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(p. D7) . . . , when did “chemical” become a dirty word? That’s a question raised by one of Canada’s brightest scientific minds: Joe Schwarcz, director of the Office for Science and Society at McGill University in Montreal. Dr. Schwarcz, who has received high honors from Canadian and American scientific societies, is the author of several best-selling books that attempt to set the record straight on a host of issues that commonly concern health-conscious people.
I’ve read two of his books, “Science, Sense and Nonsense” (published in 2009) and “The Right Chemistry” (2012), and recently attended a symposium on the science of food that Dr. Schwarcz organized at McGill.
What follows are tips from his books and the symposium that can help you make wiser choices about what does, and does not, pass your lips in 2013.
. . .
ORGANIC OR NOT? Wherever I shop for food these days, I find an ever-widening array of food products labeled “organic” and “natural.” But are consumers getting the health benefits they pay a premium for?
Until the 20th century, Dr. Schwarcz wrote, all farming was “organic,” with manure and compost used as fertilizer and “natural” compounds of arsenic, mercury and lead used as pesticides.
Might manure used today on organic farms contain disease-causing micro-organisms? Might organic produce unprotected by insecticides harbor cancer-causing molds? It’s a possibility, Dr. Schwarcz said. But consumers aren’t looking beyond the organic sales pitch.
Also questionable is whether organic foods, which are certainly kinder to the environment, are more nutritious. Though some may contain slightly higher levels of essential micronutrients, like vitamin C, the difference between them and conventionally grown crops may depend more on where they are produced than how.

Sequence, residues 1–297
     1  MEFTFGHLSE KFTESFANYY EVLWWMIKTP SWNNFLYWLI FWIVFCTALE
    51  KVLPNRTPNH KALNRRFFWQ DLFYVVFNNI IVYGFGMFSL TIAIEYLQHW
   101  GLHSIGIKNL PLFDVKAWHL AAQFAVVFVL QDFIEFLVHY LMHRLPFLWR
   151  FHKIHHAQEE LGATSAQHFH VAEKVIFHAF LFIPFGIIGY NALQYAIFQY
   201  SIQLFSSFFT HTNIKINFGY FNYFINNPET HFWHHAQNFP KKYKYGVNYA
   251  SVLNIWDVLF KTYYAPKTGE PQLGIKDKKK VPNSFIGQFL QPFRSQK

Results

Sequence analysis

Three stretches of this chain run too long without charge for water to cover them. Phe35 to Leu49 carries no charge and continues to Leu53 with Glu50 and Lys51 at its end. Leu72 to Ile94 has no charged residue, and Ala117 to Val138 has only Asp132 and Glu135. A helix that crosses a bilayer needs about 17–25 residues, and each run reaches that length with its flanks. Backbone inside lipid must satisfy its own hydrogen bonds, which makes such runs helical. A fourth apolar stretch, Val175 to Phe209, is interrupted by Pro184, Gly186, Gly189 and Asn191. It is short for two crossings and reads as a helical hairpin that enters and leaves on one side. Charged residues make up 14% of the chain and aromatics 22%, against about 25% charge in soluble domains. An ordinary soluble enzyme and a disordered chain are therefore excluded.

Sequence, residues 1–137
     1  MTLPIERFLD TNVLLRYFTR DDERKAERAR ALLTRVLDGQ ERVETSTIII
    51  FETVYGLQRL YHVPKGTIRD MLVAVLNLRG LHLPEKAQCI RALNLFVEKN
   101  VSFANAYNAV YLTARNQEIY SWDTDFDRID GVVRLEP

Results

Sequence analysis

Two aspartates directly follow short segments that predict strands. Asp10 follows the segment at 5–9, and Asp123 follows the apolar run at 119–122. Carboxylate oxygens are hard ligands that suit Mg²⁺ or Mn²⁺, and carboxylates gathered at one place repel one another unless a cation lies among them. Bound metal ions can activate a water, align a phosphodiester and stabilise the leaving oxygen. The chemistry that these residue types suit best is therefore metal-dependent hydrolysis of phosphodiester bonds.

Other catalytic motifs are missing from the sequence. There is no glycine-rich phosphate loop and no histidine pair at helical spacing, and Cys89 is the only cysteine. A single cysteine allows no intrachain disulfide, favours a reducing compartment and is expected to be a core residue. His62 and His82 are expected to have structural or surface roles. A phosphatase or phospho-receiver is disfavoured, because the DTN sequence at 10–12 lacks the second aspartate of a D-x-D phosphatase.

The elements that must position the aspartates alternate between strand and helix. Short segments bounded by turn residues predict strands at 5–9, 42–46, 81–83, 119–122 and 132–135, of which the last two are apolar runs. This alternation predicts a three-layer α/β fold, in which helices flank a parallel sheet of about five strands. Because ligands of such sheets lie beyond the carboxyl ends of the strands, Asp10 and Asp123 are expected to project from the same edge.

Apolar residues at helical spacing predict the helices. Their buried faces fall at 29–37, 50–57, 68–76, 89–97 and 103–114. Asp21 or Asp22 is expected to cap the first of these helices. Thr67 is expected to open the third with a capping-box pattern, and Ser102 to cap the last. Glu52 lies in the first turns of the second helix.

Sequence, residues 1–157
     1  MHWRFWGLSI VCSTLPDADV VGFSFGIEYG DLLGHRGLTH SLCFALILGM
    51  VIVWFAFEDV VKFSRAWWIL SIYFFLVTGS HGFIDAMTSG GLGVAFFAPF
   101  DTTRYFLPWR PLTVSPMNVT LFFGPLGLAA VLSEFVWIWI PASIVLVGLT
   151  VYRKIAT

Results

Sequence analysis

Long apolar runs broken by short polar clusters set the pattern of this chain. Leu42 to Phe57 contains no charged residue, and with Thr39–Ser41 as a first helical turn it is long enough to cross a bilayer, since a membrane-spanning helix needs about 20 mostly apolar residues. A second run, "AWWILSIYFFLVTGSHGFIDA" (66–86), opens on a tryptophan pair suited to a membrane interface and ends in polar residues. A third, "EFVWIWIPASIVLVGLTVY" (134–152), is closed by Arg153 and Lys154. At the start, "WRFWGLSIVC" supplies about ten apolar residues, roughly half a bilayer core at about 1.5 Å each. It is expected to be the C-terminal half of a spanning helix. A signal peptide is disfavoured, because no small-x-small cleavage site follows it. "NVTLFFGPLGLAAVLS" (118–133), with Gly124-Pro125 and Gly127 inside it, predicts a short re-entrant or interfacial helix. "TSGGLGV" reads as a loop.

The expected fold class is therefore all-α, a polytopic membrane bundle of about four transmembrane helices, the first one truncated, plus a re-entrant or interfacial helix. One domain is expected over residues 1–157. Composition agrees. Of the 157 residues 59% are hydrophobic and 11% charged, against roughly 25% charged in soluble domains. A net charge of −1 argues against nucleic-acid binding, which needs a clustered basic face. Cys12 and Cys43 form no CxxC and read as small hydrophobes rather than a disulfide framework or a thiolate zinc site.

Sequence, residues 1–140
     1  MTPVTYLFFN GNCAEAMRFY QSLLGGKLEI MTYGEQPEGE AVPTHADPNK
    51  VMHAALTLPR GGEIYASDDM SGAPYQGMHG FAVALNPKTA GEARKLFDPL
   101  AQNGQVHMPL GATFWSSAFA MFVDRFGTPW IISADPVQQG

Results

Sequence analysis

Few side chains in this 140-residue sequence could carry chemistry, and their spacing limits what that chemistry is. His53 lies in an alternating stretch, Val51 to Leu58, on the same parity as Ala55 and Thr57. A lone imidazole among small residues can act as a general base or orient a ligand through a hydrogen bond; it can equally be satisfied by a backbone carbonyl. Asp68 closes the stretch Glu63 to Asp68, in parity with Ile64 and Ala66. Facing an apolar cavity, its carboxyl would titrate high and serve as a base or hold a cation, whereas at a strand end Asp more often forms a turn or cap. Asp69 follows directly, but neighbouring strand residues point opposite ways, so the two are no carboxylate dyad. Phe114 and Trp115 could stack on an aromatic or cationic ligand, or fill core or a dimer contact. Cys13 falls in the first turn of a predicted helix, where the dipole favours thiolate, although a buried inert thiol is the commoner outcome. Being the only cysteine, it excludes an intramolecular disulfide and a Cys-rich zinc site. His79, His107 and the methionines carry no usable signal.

A further concern: Organic producers disavow genetic modification, which can be used to improve a crop’s nutritional content, enhance resistance to pests and diminish its need for water. A genetically modified tomato developed at the University of Exeter, for example, contains nearly 80 times the antioxidants of conventional tomatoes. Healthier, yes — but it can’t be called organic.
For the full story, see:
JANE E. BRODY. “PERSONAL HEALTH; What You Think You Know (but Don’t) About Wise Eating.” The New York Times (Tues., January 1, 2013): D7.
(Note: ellipses added; bold in original.)
(Note: the online version of the article has the date DECEMBER 31, 2012.)
The Schwarcz books mentioned above, are:
Schwarcz, Joe. The Right Chemistry: 108 Enlightening, Nutritious, Health-Conscious and Occasionally Bizarre Inquiries into the Science of Daily Life. Toronto, Ontario: Doubleday Canada, 2012.
Schwarcz, Joe. Science, Sense & Nonsense. Toronto, Ontario: Doubleday Canada, 2009.